UpFront Achieving variety within an arrangement

Mike Lawson • ChoralOctober 2006 • October 19, 2006

We may achieve variety in many ways within a musical arrangement. This example is taken from an arrangement that I did for the opening of the Thanksgiving Parade in Philadelphia for WPVI (ABC-Disney); O Come All Ye Faithful.

It is scored for eleven instruments; three trumpets, two trombones, three saxophones, and three rhythm (piano, bass, and drums). I considered beginning the arrangement with a brass quartet ala chorale-style, but felt that three musical lines moving at different speeds would accumulate the needed tension and momentum, that the parade opening required. These three lines, (in a musical conversation), lead to a forte ensemble passage beginning in m.11 that builds in intensity.

Not only ,does the texture vary from three unison lines to divisi, but the rhythm section also begins to swing in 4/4 time. Notice that the three characteristics of a good arrangement take place within this short excerpt; 1. Transparency of texture (three unison lines moving at different speeds ( mm. 3-10), 2. Variety of tone color (unison building to an ensemble passage), and 3. Contrapuntal lines building to a climax. Recognize that these characteristics occur again later in the arrangement beginning at m. 20.

It is important to note that the slowest-moving line (melody) is assigned to unison trumpets, while unisontrombones are added and play a contrapuntal line that moves a bit faster than the trumpet line. Below all of this is a fast-moving part in eighth notes for the bass, which is introduced two measures before the trumpets enter.

All three lines combine to form a conversation among the three sections. The saxophone section is silent until m 11. Doubling the saxophones on a line at the beginning, would threaten the clarity and purity of the brass sound, and would have an adverse affect on the flexibility of the arrangement.

Also notice at m 11 that the saxophones play a unison line against divisi brass. This unison line adds focus and direction to the sound, and the fact that it moves in contrary motion to the brass makes it even more appealing. I have found it useful to double the lead trumpet at the lower octave using another trumpet or a trombone, whenever the lead trumpet plays above Bb concert (above the staff). This doubling at the lower octave reinforces the overtones of the high trumpet and adds brilliance and energy to the sound.

Example 1. O Come All Ye Faithful arranged by Vince Corozine (Notice that all instruments are in concert key, with the bass sounding one octave lower)
(This arrangement may be heard on Vince’s Web page: www.vincecorozine. com)

One will discover that the saxophones play unison counterpoint lines for most of the arrangement, except in measure 14 and the last three measures of the arrangement where they are divided to add fullness to the brass chords. Notice the alternating of the tenor and baritone saxophone notes in m 15. (Repeated notes have a tendency to be diffi cult to play and do not “swing.”) Having the saxophones play divisi throughout would make the arrangement sound too thick and cloying, and destroy the fl exibility of the moving lines. A constant “tutti” sound lacks in contrast – ie: the big-sounding sections sound even bigger when they follow unison lines.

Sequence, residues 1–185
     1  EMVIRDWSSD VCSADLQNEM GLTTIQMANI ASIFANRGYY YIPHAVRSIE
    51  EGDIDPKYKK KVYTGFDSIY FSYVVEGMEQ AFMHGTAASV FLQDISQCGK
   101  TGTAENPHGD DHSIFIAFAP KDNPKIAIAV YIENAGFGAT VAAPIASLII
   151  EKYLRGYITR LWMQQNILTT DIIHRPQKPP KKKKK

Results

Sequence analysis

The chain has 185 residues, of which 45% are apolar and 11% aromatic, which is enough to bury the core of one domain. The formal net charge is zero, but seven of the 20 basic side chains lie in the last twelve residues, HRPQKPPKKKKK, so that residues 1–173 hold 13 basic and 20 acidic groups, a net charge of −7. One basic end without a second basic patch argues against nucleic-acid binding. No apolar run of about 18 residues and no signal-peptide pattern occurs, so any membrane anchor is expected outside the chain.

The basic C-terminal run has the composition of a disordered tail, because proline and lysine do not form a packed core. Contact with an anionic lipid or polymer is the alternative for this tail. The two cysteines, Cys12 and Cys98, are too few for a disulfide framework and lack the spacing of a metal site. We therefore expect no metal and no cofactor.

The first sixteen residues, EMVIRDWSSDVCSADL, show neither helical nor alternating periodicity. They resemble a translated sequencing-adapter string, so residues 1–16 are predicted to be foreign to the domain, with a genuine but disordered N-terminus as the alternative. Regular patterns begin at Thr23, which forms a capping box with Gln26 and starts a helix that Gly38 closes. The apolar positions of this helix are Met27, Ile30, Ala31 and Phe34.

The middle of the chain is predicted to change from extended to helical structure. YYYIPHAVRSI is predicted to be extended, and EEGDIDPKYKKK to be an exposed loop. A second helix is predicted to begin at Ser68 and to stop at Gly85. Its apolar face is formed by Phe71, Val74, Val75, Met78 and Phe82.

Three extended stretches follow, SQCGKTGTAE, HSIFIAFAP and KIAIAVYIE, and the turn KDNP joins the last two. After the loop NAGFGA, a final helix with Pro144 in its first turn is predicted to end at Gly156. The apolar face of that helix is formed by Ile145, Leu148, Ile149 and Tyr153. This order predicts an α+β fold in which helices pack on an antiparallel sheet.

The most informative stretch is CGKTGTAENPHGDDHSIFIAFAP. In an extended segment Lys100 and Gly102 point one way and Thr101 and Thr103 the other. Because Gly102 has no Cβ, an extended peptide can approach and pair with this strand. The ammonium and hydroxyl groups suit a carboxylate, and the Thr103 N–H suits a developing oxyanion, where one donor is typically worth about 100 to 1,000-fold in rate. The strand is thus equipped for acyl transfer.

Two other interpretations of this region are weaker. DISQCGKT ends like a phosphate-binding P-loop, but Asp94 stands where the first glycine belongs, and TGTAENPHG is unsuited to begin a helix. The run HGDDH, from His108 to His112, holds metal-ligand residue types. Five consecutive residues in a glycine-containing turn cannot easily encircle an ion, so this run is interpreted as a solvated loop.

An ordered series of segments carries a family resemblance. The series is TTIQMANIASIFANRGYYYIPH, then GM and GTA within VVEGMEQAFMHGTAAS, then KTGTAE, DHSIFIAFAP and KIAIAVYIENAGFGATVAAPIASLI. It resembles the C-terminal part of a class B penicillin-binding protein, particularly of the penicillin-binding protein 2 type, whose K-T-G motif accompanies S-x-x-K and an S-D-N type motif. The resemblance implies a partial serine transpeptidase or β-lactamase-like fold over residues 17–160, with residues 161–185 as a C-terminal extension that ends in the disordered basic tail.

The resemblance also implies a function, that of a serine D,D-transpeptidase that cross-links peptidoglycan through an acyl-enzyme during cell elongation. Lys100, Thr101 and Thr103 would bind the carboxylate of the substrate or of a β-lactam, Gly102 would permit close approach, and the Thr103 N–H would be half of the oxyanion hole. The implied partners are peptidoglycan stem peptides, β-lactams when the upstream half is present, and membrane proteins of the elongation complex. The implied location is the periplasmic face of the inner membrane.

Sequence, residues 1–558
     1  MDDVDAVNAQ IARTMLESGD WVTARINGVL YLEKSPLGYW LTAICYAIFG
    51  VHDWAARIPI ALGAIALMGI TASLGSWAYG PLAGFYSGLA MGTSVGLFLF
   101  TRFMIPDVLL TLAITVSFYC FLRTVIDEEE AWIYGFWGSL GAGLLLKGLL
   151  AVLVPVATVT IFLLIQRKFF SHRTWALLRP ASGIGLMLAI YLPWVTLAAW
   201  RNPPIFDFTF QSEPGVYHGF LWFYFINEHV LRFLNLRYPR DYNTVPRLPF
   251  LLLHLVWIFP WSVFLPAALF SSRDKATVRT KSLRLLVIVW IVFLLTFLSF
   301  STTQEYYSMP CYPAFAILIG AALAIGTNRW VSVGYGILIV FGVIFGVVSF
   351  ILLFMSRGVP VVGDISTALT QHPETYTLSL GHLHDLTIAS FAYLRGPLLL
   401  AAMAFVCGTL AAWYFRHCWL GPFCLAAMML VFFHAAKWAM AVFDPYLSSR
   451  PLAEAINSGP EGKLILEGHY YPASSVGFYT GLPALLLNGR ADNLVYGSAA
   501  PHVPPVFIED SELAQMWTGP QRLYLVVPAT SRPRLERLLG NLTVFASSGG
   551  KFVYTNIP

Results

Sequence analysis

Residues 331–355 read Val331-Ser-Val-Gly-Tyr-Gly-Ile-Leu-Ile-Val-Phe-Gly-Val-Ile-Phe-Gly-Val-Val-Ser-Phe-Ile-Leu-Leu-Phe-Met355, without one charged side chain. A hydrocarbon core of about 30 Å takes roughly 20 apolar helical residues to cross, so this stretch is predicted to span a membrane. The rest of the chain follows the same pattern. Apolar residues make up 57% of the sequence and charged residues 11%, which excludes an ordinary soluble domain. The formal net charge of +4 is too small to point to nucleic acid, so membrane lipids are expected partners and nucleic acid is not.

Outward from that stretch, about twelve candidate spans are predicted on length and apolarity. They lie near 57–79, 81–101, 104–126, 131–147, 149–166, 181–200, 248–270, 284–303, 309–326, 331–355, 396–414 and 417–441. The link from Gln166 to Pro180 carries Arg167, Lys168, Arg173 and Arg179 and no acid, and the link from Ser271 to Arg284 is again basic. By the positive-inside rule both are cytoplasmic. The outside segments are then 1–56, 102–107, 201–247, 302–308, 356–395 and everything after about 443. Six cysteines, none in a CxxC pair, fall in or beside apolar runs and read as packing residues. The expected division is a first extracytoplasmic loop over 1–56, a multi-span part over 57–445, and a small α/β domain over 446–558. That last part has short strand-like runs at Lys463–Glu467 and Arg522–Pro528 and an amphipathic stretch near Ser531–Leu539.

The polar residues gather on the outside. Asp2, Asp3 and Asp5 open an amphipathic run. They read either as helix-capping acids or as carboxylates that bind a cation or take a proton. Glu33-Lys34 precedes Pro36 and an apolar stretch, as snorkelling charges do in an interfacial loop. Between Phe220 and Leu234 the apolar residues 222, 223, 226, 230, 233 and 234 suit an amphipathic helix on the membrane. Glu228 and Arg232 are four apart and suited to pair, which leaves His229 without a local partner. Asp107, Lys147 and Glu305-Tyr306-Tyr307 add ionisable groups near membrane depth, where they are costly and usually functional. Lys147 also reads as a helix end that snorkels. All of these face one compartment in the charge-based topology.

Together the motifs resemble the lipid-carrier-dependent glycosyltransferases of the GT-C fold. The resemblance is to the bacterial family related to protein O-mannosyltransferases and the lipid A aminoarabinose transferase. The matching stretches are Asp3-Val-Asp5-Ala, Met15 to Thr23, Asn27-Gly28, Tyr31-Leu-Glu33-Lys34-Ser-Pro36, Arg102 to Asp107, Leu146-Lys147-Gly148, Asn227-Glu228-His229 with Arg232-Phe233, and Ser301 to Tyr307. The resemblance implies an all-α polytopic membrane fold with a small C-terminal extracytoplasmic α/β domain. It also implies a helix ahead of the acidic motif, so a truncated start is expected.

What clearly emerges is the fact that unison lines are used almost as much as divisi lines. In fact, in this arrangement there are twelve measures of unison while divisi totals only fourteen measures. Musical lines (particularly those that move in contrary motion).

are more engrossing for the musician to play, and are more appealing to the listener, than are constant divisi chords. This constant divisi wears on the ear and quickly becomes tiresome to the listener. Unison lines provide contrast for the listener, and when the brass divisi does appear, the effect is even more varied and impressive.

A word about voicing brass chords. Making three trumpets and two trombones sound like a much bigger ensemble is possible if one adheres to the following guidelines:

  • Use lots of fourth intervals from the top down. They add a contemporary ring and sound more resonant than chords voiced in thirds. (mm 11, 12, 19, 20, 25)
  • Use only one third throughout the entire brass section.

  • Avoid repeated notes in any part by crossing voices. Repeated notes tendto stifle and to take away from the loose swing feeling of the phrase. (mm 11, 12, 25)
  • Breath marks should be included in all parts to facilitate musical phrasing.
  • Add the 9th, and 13th to dominant seventh chords. (mm 18, 26, and next to the last measure).
  • Add the 9th and 11th to minor seventh chords. (mm 11, 25)
  • The root of a dominant seventh chord is not needed . . . leave it to the bass player. If the root appears in the melody, make the chord a 13th. (m 24) Notice the effectiveness of thick, pungent chords in the last three measures leading to a four-octave “resonant” Eb for the final note. Achieving variety in a musical arrangement takes careful thought and insight into the many possibilities that are available for arrangers. Remember that full, thick-sounding chords tend to sound cloying and pungent and will take away from the suppleness and clarity of the musical arrangement.
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